New trends and directions in risk communication: combating disease threats at the animal-human-ecosystem interface

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New trends and directions in risk communication: combating disease threats at the animal-human-ecosystem interface …

New trends and directions in risk communication: combating disease threats at the animal-human-ecosystem interface
Keynote presentation by

Thomas Abraham

Director, Public Health Communications Programme,

The University of Hong Kong




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  • 1. The Anthropological Imperative in “Risk Communication” Benjamin Hickler, MA, Ph.D. Tufts University Cummings School of Veterinary Medicine Dept. of Environmental and Population HealthFooter Text 4/27/2011 1
  • 2. Objectives• Explain why anthropological frameworks and community participation are particularly relevant for addressing “One Health” challenges associated with emerging zoonotic infections.• Outline potential models for applying anthropological tools to practical problems of outbreak prevention and response.• Outline key concepts for anthropologically informed strategies for social mobilization and behavior change communication. Footer Text 4/27/2011 2
  • 3. 4/27/2011 Footer Text 3
  • 4. Factors contributing to emerging zoonotic infectionsFrom Marsh Inc. Economic and Social Impact of EIDs, 2010. Derived from Report of the WHO/FAO/OIEjoint consultation on emerging zoonotic diseases. May 2004.
  • 5. Human behavior is the common denominator…• People’s relationships with animals are culturally and socially mediated, often differ by age, gender, and socioeconomic status, and in some cases are characterized by passionate attachment.• People’s livelihoods are directly affected by efforts to control zoonotic infections. This recognition should underpin all “One Health” endeavors.• Therefore, different stakeholders are likely to have very different perceptions of the risks associated with pathogens like H5N1. 5
  • 6. Beyond “Risk Communication”•Risk communication used to be conceived in terms ofa top-down model in which expert consensus isbroadcast to a passive public in order to bringpopular perceptions in line with expert truth.•Now there is growing recognition that publics areactive participants in sociocultural and politicalprocesses of defining and explaining risk.•To oversimplify, the top-down broadcast model hasbeen replaced by a dialogical, participatory modelincluding an active engagement with publics within acompetitive informational environment.
  • 7. What do we mean by “participation?”Pretty et al (1995) delineate seven different types of participation.•Passive participation: People participate by being told what is going to happen or has already happened.It is a unilateral announcement by an administration or project management without any listening topeople’s responses. The information being shared belongs only to external professionals.•Participation in information giving: People participate by answering questions posed by extractiveresearchers using questionnaire surveys or similar approaches. People do not have the opportunity toinfluence proceedings, as the findings of the research are neither shared nor checked for accuracy.•Participation by consultation: People participate by being consulted, and external agents listen to views.These external agents define both problems and solutions, and may modify these in the light of people’sresponses. Such a consultative process does not concede any share in decision-making, and professionalsare under no obligation to take on board people’s views.•Participation for material incentive: People participate by providing resources, e.g. labor, in return for food,cash or other material incentives. Much on-farm research falls in this category, as farmers provide the fieldsbut are not involved in the experimentation or process of learning. It is very common to see this calledparticipation, yet people have no stake in prolonging activities when the incentives end.•Functional participation: People participate by forming groups to meet predetermined objectives related tothe project, which can involve the development or promotion of externally initiated social organization. Suchinvolvement does not tend to be at early stages or project cycles of planning, but rather after majordecisions have been made. These institutions tend to be dependent on external initiators and facilitators, butmay become self-dependent.•Interactive participation: People participate in joint analysis, which leads to action plans and the formationof new local institutions or the strengthening of existing ones. It tends to involve interdisciplinarymethodologies that seek multiple objectives and make use of systematic and structured learning processes.These groups take control over local decisions, and so people have a stake in maintaining structures orpractices.•Self-mobilization: People participate by taking initiatives independent of external institutions to changesystems. Such self-initiated mobilization and collective action may or may not challenge existing inequitabledistributions of wealth and power. Pretty, J.N., Guijt, I., Thompson, J. and Scoones, I. 1995. Participatory Learning and Action. 7 A trainers Guide. International Institute for Environment and Development, London.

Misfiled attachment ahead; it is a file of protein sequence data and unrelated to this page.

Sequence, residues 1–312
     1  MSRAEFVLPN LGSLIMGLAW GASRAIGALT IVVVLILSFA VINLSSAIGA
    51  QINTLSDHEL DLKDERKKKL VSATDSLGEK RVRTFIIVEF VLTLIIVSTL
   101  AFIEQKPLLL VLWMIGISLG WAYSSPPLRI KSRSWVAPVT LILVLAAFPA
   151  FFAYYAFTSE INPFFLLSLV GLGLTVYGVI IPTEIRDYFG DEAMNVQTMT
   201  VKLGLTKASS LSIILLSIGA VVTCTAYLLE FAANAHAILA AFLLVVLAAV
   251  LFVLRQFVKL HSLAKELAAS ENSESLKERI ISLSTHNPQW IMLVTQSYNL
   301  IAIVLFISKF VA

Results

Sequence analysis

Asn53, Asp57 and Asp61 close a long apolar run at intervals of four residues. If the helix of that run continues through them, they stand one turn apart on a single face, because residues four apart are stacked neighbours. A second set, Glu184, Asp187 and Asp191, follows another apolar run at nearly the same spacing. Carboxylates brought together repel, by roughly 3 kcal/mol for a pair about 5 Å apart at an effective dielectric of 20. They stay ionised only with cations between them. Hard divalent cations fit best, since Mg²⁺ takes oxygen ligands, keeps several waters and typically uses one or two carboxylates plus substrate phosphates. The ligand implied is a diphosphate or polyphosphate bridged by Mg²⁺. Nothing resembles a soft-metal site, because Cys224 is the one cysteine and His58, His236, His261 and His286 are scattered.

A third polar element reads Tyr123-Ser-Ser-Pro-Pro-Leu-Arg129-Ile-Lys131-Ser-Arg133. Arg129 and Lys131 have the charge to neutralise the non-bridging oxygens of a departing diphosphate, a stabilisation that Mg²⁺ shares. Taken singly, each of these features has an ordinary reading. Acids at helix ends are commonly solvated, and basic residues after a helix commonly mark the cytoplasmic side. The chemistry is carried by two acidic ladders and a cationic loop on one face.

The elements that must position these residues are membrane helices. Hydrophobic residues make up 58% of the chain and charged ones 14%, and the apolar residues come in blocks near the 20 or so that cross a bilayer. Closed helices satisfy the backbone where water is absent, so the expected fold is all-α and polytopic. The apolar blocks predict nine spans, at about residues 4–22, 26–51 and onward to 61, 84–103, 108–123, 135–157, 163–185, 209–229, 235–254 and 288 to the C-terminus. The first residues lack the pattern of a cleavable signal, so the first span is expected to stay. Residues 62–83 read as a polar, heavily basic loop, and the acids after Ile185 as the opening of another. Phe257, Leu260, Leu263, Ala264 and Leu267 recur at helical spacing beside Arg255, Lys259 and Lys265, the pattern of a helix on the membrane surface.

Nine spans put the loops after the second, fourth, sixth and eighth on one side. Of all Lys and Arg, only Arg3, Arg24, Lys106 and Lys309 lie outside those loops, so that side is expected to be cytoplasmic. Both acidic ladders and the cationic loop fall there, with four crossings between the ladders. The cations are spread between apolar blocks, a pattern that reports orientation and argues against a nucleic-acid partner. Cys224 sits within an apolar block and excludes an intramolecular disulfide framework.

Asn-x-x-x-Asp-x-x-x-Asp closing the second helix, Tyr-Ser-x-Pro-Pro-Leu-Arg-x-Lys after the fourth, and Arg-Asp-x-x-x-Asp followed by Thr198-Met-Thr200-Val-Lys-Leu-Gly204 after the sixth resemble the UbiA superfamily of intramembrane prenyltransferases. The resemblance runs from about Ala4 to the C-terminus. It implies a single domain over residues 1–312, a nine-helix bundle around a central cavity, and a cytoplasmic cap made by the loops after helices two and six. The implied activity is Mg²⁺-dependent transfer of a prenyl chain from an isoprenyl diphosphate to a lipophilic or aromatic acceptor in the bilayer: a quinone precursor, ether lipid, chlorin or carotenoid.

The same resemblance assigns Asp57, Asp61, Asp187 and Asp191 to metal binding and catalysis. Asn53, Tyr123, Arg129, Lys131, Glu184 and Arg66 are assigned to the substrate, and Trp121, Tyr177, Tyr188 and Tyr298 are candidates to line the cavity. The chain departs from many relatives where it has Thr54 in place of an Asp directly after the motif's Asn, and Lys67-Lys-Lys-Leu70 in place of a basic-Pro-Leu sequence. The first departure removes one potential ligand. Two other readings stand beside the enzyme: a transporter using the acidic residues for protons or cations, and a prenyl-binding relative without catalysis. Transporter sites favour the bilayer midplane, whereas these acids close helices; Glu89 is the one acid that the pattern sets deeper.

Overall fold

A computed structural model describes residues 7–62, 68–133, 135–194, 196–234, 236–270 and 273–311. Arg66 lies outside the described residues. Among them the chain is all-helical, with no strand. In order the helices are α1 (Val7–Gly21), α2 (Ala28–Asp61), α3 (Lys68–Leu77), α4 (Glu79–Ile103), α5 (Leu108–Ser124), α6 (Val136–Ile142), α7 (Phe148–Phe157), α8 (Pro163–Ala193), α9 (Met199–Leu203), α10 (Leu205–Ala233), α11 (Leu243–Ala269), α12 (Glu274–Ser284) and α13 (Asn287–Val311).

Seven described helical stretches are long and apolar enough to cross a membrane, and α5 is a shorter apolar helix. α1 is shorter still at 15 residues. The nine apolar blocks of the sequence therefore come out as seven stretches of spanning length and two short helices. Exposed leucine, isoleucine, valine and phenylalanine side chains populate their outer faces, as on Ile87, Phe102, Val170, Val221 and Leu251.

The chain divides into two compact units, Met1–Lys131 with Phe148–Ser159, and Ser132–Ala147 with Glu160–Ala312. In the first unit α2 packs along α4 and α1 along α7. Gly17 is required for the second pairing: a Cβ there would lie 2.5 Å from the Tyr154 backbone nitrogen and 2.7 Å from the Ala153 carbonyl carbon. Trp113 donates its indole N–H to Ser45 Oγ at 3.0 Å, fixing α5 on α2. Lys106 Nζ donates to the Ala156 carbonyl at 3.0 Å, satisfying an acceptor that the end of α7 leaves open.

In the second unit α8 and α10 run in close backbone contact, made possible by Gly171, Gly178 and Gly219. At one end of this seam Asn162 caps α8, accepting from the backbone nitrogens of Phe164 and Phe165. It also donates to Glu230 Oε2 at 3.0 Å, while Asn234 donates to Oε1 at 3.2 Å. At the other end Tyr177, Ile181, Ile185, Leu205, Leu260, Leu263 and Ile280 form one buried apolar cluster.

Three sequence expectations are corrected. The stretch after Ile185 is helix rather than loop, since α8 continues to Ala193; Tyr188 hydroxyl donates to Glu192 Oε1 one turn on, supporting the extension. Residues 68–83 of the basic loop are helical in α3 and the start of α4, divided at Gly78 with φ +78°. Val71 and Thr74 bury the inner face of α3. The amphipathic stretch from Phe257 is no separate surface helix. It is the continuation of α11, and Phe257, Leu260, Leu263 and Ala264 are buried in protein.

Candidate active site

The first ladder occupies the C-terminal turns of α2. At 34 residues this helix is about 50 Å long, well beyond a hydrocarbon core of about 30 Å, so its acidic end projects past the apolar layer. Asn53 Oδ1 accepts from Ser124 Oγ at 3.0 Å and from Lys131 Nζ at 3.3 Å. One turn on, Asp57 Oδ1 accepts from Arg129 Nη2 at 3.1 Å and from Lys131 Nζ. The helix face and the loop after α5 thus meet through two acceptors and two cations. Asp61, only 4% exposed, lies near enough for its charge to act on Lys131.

• 8. Uses of Anthropology in Behavior Change Communication (BCC)• Identify the who, what, where, when, and how of risky practices/behaviors – o Tools include environmental scans, situational analyses, market and value-chain studies, structured and unstructured observation, etc. o Necessary to define behavioral objectives.• Learn why who does what, where, when and how. o Tools include participatory learning, focus group discussions, key informant interviews, rapid ethnographic studies, etc. o Usually necessary to achieve behavioral objectives.• Prevent Systemic Insanity – Doing the same thing over and over again expecting different results. o Examples include pre- and post-testing, “framing,” cultural competence, visual literacy, and M+E practices like Participatory Impact Assessment. 8
  • 9. Footer Text 4/27/2011 10